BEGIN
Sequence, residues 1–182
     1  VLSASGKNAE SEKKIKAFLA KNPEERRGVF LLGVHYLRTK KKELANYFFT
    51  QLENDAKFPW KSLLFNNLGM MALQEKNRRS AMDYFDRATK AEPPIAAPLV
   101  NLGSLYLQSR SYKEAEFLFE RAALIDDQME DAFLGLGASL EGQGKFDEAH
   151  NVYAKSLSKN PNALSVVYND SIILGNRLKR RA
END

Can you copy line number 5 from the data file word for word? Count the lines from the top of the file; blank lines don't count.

   151  NVYAKSLSKN PNALSVVYND SIILGNRLKR RA